For six weeks in the fall of 1940 and again in 1941, Cath served as a courier in the Frontier Nursing Service in Leslie County, Kentucky. The FNS was founded in 1925 by Mary Breckinridge to provide health care for families, particularly mothers and babies, in the Appalachian hollows of eastern Kentucky. From a prominent Kentucky family, Breckinridge had undertaken nursing and relief work in France at the end of World War I and had struck upon the idea of bringing trained English midwives—like the ones she had encountered in Europe—to deliver care on horseback in the desperately poor and all but inaccessible mountain communities of her home state. She also determined to enlist young American women from privileged families to use their equestrian skills to serve as volunteer couriers, tending to the FNS horses and accompanying and assisting nurse-midwives on their rounds to remote cabins and villages to deliver babies. Frequently—and conveniently for the FNS—the wealthy families of these couriers also became advocates and fundraisers for the enterprise in cities across the nation.11

Soon after her arrival, Cath wrote home: “It’s the first place I’ve ever helped in where, as a volunteer worker, you feel you are really needed.” Within a week, she was riding alone twenty-four miles through the mountains over two days and a night, from Hyden to Brutus, via Hell for Certain, in order to retrieve a horse from an outlying clinic. “I never thought I would be able to find my way,” she wrote, but her experienced mount and the “terribly friendly and pleasant” mountain people enabled her to complete her assignment. Not knowing what she or a midwife might be called on to do next kept her “in a state of excitement every hour of the day and night … It is wonderful … to see an organization like this not run by the Social Register for want of something better to do, but accomplishing so much … It really does make you look forward to tomorrow … It is like nothing I’ve ever seen or done anywhere before. I really do love every bit of it.”12

By fall 1941, a new name had begun to appear in her letters home. A full-blown romance was well under way and taking on increasing urgency with the approach of war. Tyson Gilpin had grown up in Virginia in a family even more consumed by horses than Cath’s. His father bred Thoroughbreds and bought and sold racehorses, in addition to riding and hunting himself. For the Gilpins, horses were a matter of business as well as pleasure. Tyson was enrolled at Princeton, where he was an outstanding student—ranked in the top dozen of his class. He was also stunningly handsome. When Esquire sent a staff photographer to Princeton for an article on collegiate fashion for the September 1940 back to school issue, he posed Tyson along the university’s legendary Prospect Street and published a shot of him in the “new four-button jacket” with “broad shoulders and flapped chest pockets.”13 Tyson looked as if he had been invented by F. Scott Fitzgerald.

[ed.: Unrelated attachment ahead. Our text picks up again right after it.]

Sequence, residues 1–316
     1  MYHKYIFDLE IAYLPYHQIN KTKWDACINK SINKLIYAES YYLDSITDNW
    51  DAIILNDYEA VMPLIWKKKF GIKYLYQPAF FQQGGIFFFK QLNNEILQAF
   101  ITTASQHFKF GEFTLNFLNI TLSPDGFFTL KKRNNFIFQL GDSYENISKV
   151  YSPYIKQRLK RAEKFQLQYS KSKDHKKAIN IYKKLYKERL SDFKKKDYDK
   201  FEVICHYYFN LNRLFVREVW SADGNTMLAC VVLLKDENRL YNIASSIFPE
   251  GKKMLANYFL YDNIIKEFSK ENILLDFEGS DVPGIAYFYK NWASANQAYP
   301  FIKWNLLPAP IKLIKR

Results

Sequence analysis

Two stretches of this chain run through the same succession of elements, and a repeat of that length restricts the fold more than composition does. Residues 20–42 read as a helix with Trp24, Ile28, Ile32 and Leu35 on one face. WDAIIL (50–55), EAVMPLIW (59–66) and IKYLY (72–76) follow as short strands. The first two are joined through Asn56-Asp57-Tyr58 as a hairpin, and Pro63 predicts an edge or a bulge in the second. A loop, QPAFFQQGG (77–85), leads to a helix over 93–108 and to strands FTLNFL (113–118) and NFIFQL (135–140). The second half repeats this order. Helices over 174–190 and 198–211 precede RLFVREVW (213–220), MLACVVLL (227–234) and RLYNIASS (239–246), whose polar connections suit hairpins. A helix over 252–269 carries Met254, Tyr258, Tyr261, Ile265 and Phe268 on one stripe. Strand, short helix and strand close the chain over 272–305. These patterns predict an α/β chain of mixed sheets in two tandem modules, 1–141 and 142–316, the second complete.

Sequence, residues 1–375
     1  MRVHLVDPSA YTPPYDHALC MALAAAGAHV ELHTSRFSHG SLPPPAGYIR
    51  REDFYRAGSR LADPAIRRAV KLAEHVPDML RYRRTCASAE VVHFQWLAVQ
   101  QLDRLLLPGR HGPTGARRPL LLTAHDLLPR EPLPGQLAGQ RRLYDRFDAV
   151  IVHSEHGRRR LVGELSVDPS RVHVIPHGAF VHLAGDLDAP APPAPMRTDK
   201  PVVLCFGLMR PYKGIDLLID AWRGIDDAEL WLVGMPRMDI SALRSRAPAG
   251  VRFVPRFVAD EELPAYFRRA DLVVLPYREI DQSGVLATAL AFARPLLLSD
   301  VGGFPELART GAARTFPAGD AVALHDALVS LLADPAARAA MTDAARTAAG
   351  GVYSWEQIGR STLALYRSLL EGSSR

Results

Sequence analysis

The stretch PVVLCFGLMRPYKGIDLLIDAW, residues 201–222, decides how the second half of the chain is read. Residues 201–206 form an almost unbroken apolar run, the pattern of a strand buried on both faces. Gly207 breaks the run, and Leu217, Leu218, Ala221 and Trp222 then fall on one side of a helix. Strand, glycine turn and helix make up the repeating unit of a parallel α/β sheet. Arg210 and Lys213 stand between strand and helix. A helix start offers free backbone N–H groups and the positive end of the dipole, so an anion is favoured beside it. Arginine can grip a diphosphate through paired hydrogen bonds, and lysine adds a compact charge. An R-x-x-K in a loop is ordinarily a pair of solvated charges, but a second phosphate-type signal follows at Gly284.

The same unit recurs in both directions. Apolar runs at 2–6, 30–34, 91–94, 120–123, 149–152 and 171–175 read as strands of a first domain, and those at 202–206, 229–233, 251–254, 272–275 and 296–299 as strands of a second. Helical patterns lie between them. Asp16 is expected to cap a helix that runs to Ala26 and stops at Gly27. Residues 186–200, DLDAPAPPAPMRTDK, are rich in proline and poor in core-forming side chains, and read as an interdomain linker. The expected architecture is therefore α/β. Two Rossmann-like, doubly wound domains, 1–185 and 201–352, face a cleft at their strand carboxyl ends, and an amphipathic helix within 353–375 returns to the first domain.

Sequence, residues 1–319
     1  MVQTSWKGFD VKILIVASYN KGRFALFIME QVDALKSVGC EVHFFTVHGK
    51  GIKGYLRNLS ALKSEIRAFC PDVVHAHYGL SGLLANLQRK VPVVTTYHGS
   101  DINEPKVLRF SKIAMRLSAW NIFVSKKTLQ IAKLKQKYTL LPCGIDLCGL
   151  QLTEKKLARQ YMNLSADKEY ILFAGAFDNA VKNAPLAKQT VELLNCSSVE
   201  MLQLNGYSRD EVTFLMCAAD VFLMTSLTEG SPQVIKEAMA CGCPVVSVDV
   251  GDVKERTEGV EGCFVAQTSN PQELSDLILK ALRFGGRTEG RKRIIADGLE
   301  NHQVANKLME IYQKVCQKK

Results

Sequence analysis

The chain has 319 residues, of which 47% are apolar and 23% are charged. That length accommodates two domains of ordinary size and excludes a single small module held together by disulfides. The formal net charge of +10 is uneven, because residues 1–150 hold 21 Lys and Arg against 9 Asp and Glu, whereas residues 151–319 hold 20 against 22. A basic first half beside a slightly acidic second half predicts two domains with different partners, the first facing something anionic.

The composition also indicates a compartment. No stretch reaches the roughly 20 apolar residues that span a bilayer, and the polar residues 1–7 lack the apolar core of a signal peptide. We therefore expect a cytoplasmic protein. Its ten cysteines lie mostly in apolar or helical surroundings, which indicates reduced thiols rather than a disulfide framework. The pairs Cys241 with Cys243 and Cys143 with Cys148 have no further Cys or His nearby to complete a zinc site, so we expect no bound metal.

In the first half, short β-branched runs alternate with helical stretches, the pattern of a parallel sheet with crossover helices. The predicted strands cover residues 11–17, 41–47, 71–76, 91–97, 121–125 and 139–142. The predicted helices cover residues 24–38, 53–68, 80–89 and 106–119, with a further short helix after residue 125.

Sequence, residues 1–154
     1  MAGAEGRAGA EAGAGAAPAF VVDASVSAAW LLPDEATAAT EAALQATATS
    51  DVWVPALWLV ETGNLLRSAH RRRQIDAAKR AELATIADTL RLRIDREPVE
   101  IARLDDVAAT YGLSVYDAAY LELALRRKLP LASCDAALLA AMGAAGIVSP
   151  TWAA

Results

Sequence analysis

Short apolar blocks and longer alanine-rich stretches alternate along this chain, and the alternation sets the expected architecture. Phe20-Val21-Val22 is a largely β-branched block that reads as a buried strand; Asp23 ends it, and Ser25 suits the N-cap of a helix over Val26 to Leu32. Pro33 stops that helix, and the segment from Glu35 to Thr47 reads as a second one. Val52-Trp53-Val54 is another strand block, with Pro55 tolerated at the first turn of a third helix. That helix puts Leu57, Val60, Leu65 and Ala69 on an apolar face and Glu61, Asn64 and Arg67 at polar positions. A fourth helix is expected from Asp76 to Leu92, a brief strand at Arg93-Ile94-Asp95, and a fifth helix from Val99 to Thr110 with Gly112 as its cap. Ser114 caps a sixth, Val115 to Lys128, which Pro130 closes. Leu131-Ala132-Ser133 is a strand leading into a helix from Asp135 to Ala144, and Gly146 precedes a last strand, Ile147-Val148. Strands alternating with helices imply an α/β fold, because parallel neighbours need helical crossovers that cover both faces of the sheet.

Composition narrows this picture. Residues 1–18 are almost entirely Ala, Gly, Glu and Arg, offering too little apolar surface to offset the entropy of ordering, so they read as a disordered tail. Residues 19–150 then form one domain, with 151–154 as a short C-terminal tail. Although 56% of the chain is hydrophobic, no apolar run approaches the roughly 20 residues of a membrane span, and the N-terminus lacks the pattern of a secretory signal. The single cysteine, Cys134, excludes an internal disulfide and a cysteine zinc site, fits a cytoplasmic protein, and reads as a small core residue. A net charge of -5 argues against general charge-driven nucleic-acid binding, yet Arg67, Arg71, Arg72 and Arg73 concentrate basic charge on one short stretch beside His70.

My father photographed by Esquire on Prospect Street in Princeton, fall 1940.

Cath and Tyson had met early in his college career when he came to join her brother Drew foxhunting in Far Hills, an easy drive from the university. Cath’s prowess on horseback—her complete mastery over her mount, her fearlessness riding sidesaddle over ditches, walls, and fences—soon made her the focus of Tyson’s attention and admiration.

By the time Cath returned from Kentucky in early fall 1941, Tyson was already planning to accelerate his graduation so he could join the army. His draft board in Virginia had called him for a physical in July, and he was eager to volunteer before he was conscripted. By early winter, he was in uniform, and by late the next summer, expectations that he would soon be sent abroad fueled the intensity of their courtship. In early October 1942, the young couple informed their parents that they intended to marry as soon as possible. A whirlwind of hasty preparations ensued—seamstresses summoned to produce a wedding dress, ceremonies and celebrations hurriedly planned, and a photographer already shooting the hunting field deputized to take a picture for the engagement announcement. There would be no equivalent of elegant posing on Prospect Street. The photographer caught her, Cath long complained, just after she had been thrown from her horse, which had then rolled over her. The engagement announcement preceded the wedding by only two days.

On October 23, 1942, Lieutenant Gilpin and Catharine Mellick were married. My father, his father, his uncle, and his new brother-in-law were all in uniform, just as his own father and all his groomsmen had been at his parents’ wedding in 1918. For a year and a half after her marriage, my mother shuttled between her parents’ home and her husband’s various army training camps. Thirteen months after the wedding, my brother Tyson Jr. was born. Often Tys was deposited with a baby nurse at my maternal grandparents’ home in New Jersey while Cath followed her husband’s army assignments. Soon, however, like their parents before them, Tyson and Cath would be separated by war. In spring 1944, Tyson shipped out to England, and just after D-Day he landed in France with Patton’s Third Army. His service in the course of the next year would earn him a Purple Heart and a Croix de Guerre. “The biggest experience of my life was WW2,” he reflected on a Princeton 50th Reunion questionnaire.14 Cath, meanwhile, waited at home with parents and child.